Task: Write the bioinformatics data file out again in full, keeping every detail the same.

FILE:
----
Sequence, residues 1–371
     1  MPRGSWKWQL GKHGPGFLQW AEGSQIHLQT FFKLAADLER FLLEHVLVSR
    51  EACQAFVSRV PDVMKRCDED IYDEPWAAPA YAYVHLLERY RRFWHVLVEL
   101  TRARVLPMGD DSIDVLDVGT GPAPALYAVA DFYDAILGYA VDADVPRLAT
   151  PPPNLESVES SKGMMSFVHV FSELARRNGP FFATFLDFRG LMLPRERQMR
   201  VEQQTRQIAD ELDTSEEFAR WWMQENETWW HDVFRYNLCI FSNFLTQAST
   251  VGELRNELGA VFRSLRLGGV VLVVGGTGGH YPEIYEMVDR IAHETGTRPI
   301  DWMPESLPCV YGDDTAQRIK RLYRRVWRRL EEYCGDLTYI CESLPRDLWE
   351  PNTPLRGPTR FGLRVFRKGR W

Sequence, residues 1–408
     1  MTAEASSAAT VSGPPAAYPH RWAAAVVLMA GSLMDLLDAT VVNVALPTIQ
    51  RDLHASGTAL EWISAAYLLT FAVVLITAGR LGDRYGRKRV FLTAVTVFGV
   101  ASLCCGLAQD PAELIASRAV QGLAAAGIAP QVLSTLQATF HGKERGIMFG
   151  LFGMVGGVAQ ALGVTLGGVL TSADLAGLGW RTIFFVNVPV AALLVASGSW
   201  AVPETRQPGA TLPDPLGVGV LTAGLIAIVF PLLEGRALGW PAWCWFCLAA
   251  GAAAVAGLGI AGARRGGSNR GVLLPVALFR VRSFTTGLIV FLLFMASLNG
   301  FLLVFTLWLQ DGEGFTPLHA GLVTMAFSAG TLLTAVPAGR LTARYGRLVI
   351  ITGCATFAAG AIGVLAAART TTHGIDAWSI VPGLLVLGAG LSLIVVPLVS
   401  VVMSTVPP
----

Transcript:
Sequence, residues 1–371
     1  MPRGSWKWQL GKHGPGFLQW AEGSQIHLQT FFKLAADLER FLLEHVLVSR
    51  EACQAFVSRV PDVMKRCDED IYDEPWAAPA YAYVHLLERY RRFWHVLVEL
   101  TRARVLPMGD DSIDVLDVGT GPAPALYAVA DFYDAILGYA VDADVPRLAT
   151  PPPNLESVES SKGMMSFVHV FSELARRNGP FFATFLDFRG LMLPRERQMR
   201  VEQQTRQIAD ELDTSEEFAR WWMQENETWW HDVFRYNLCI FSNFLTQAST
   251  VGELRNELGA VFRSLRLGGV VLVVGGTGGH YPEIYEMVDR IAHETGTRPI
   301  DWMPESLPCV YGDDTAQRIK RLYRRVWRRL EEYCGDLTYI CESLPRDLWE
   351  PNTPLRGPTR FGLRVFRKGR W

Sequence, residues 1–408
     1  MTAEASSAAT VSGPPAAYPH RWAAAVVLMA GSLMDLLDAT VVNVALPTIQ
    51  RDLHASGTAL EWISAAYLLT FAVVLITAGR LGDRYGRKRV FLTAVTVFGV
   101  ASLCCGLAQD PAELIASRAV QGLAAAGIAP QVLSTLQATF HGKERGIMFG
   151  LFGMVGGVAQ ALGVTLGGVL TSADLAGLGW RTIFFVNVPV AALLVASGSW
   201  AVPETRQPGA TLPDPLGVGV LTAGLIAIVF PLLEGRALGW PAWCWFCLAA
   251  GAAAVAGLGI AGARRGGSNR GVLLPVALFR VRSFTTGLIV FLLFMASLNG
   301  FLLVFTLWLQ DGEGFTPLHA GLVTMAFSAG TLLTAVPAGR LTARYGRLVI
   351  ITGCATFAAG AIGVLAAART TTHGIDAWSI VPGLLVLGAG LSLIVVPLVS
   401  VVMSTVPP